Posted by Stephanie Johnson on Jan 10, 2021
Peabody Marks 100th Anniversary with Trail Improvements
Due to the COVID-19 pandemic, several opportunities to stage a groundbreaking ceremony for the Rotary Club of Peabody’s recreational trail improvements were shut down. But it didn’t stop the movement.
The year 2020 marked the Peabody Club’s 100th anniversary, and while the year of celebrations did not turn out the way it was originally planned, the Club was able to work with the City of Peabody and its Parks and Recreation department to invest in several improvements in the city’s network of recreational trails. Among the augmentations in the works committed to over the course of the year is a multi-use water fountain on the Crowley Spur. A water line has recently been installed by the city about 150 yards from the trail’s connection with the Danvers Rail Trail, and the club has committed to the fountain, benches, and beautification to welcome rail trail users to Peabody.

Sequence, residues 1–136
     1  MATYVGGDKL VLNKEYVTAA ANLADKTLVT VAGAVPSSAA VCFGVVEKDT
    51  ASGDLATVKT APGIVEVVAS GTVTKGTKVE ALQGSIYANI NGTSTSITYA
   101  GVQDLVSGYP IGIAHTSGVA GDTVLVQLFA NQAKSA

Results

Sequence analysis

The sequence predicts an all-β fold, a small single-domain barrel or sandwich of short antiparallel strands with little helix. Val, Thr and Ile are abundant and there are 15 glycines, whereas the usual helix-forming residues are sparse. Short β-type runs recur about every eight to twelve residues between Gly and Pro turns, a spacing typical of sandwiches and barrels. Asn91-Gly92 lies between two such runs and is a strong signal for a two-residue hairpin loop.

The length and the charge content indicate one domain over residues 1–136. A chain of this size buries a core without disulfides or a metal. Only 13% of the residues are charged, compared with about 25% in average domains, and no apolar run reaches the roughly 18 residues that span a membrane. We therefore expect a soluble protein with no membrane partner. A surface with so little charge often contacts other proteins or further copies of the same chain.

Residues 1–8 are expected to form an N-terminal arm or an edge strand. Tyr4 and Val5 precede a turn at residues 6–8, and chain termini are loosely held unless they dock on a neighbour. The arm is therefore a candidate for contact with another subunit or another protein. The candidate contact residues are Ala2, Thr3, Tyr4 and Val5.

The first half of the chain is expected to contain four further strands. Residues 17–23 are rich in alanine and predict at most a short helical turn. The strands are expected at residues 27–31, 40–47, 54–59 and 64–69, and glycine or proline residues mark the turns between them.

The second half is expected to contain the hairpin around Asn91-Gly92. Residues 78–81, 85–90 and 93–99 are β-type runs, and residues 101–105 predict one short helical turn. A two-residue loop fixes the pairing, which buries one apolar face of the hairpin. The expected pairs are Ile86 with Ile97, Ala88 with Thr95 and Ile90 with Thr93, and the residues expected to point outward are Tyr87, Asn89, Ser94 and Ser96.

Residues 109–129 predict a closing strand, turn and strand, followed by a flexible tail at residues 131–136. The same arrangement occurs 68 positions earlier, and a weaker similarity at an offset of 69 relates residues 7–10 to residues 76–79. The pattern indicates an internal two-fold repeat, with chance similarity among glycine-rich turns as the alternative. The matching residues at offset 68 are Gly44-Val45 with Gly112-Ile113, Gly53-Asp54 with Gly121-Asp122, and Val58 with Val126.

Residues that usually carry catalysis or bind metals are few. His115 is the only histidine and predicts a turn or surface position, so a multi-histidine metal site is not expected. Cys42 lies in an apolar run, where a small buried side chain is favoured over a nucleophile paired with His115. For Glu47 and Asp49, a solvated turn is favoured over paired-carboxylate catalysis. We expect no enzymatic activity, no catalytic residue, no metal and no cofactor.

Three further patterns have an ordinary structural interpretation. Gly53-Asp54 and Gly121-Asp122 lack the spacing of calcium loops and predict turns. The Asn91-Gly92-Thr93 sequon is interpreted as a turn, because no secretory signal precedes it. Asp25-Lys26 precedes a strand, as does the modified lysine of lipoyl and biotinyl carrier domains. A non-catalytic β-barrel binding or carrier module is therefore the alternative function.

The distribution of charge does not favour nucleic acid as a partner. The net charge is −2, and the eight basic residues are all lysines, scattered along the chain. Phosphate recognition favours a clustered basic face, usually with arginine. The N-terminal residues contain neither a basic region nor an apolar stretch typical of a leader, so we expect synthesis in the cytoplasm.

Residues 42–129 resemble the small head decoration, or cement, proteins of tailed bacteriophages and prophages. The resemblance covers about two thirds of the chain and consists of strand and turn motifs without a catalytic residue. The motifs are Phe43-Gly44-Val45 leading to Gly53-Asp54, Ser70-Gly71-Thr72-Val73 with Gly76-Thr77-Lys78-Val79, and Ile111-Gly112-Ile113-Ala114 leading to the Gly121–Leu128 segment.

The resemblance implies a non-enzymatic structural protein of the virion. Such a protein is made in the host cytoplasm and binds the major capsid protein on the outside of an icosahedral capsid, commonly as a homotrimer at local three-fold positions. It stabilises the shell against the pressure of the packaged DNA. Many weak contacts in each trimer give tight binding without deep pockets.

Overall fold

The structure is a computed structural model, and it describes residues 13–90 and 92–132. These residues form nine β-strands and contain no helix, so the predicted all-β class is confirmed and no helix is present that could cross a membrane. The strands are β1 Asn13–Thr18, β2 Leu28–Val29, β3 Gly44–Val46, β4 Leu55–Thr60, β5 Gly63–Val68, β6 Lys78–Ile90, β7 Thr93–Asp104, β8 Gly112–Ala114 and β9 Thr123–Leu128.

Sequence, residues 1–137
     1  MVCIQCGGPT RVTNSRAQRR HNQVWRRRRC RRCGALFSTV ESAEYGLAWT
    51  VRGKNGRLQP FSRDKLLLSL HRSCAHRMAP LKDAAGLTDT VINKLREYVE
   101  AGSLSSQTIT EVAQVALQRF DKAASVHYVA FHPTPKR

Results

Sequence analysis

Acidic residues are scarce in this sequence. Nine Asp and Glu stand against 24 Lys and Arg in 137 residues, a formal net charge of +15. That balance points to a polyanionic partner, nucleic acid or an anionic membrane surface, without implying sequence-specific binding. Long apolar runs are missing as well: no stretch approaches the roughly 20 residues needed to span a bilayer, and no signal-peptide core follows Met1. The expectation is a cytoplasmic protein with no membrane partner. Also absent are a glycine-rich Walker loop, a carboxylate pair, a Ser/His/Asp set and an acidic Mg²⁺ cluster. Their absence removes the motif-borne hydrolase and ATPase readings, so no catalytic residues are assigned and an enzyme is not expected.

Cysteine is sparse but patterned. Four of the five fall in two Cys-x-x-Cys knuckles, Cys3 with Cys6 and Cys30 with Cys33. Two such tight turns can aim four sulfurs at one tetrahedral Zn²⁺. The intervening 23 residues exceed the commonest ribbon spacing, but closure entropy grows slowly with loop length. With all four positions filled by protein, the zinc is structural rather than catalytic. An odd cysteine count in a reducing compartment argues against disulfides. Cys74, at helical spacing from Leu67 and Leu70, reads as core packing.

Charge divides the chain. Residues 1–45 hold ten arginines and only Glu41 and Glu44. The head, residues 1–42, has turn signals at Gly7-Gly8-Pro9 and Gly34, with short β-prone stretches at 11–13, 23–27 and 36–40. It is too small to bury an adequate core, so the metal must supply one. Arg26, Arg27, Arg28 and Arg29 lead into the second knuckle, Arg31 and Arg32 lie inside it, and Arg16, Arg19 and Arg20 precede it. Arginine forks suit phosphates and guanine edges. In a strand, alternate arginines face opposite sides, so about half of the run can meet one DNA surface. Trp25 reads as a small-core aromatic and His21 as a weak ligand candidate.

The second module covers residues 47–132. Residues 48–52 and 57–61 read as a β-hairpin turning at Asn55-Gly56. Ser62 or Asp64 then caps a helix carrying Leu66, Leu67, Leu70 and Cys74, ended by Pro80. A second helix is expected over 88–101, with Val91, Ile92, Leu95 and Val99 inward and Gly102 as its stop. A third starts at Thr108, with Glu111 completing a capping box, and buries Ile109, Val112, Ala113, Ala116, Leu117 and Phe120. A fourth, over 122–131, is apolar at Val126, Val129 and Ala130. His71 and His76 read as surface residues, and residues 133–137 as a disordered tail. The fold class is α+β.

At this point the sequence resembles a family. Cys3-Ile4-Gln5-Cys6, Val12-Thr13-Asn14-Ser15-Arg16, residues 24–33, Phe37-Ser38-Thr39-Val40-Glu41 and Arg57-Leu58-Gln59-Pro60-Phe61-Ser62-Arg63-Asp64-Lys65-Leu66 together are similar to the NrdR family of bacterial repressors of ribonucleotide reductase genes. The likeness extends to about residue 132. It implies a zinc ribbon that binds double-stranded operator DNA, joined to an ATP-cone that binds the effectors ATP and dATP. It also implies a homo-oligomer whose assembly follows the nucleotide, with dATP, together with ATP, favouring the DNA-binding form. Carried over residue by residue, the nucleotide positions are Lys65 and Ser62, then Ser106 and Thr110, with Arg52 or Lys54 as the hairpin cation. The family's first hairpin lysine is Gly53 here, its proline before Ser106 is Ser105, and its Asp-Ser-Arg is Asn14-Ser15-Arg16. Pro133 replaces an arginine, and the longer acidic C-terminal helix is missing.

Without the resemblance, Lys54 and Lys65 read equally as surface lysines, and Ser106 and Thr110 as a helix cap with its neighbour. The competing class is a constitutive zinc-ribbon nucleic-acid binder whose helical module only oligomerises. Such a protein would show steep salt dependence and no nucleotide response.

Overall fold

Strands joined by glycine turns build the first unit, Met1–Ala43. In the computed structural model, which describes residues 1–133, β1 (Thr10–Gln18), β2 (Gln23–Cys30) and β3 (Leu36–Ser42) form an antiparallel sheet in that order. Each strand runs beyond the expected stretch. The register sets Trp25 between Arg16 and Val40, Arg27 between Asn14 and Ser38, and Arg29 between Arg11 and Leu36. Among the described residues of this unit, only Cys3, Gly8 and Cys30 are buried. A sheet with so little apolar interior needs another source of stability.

Aside from the 0.7-mile Crowley Spur that connects Lowell Street to the Danvers trail, Peabody has the 4.4-mile Independence Greenway that goes from the North Shore Mall to the Ipswich River in Middleton, and the South Peabody Bike Path that abuts Spring Pond. The Rotary Club of Peabody has committed to investing in barrels, bicycle maintenance stations, benches, and kiosks that promise to educate trail users about the area, its natural resources, and its historical significance. 
The East Coast Greenway, which aspires to complete an off-road connection from Maine to Florida and attracts visitors from throughout the country, includes the Crowley Spur and a mile and a half of the Independence Greenway. 
“I’m proud to be part of a club that values enhancing the community’s ability to get outside and be active,” said Rotary Club treasurer and 2-time Olympic Trials Marathon qualifier Dan Vassallo. “The trails in Peabody are among the city’s greatest assets, and I’m thrilled that our club is committed to making the trails even more attractive to our residents and visitors.”

The Club still plans to commemorate its centennial project, but it will have to wait until its 101st year, amid warmer weather, thawed ground, and better public health conditions.